Some people think cheap things are of more value if you put the right name on the tag. Jacob, like most of us, thought if he put God’s name on the label of his manufactured scheme, it would make it more honorable and ease his guilty conscious. It was not God who prospered him, but his own hand.

How many of Jacob’s carnal clan believe if you put God’s name to it, it will sell, that it will be acceptable to other worldly Christians. We put that blessed name to everything from the commercialization of the gospel to the approval of fornication, under the guise of God’s love.

To use God’s name in vain to support your personal agenda in gaining acceptance with this apostate age, will never be acceptable with God. You may tell Him you have done many wonderful things in His name, but there will be no commendation, if you're looking for that, only a “I never knew you.”

“But he answered and said, Every plant, which my heavenly Father hath not planted, shall be rooted up.”

Sunday, March 19, 2017

A Stone From the Brook

"The waters wear the stones.” The sense here is that constant changes are going on in nature. Over a period of years, as the swift waters flow over these ragged-edged stones, and they continually collide with one another, they become smooth. Such a process is not accomplished in a day.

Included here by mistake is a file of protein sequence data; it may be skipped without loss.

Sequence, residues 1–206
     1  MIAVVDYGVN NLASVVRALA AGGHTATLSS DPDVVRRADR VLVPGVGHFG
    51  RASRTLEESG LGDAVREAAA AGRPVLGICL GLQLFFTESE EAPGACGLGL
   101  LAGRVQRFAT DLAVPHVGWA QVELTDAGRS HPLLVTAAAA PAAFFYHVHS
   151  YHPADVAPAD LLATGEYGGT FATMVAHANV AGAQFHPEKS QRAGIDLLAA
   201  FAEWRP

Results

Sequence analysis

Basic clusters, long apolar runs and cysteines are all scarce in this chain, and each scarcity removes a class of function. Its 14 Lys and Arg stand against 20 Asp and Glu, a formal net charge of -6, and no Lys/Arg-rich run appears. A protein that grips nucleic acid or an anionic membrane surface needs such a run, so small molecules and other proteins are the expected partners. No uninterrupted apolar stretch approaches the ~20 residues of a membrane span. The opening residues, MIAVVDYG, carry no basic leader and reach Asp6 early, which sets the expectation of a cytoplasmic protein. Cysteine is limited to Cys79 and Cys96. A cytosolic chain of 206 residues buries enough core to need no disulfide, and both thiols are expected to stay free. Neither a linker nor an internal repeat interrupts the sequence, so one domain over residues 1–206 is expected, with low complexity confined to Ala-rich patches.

And so it is with God’s elect. We lie in the stream of life, tossed to and fro, and are battered about until the rough edges are gone. It is then that a greater than David reaches His nail-pierced hand into the swift-moving current and lifts us out. And, for what purpose? To do with one insignificant smooth stone what Saul’s entire army could not do: take down a giant. Marvelous, is it not, the potential of one little stone?

The next time you’re “rubbed wrong,” remember; God is taking off the rough places.

Friday, March 17, 2017

As I Grow Older


After almost sixty-years of studying God’s Word and observing people, I have added to my short list of core convictions two more, and set them in cement. I have always strongly believed in both, but not to the almost radical extent I do now. I’m referring to my belief in God’s absolute sovereignty over man and matter, and the total depravity of man in every area of his being.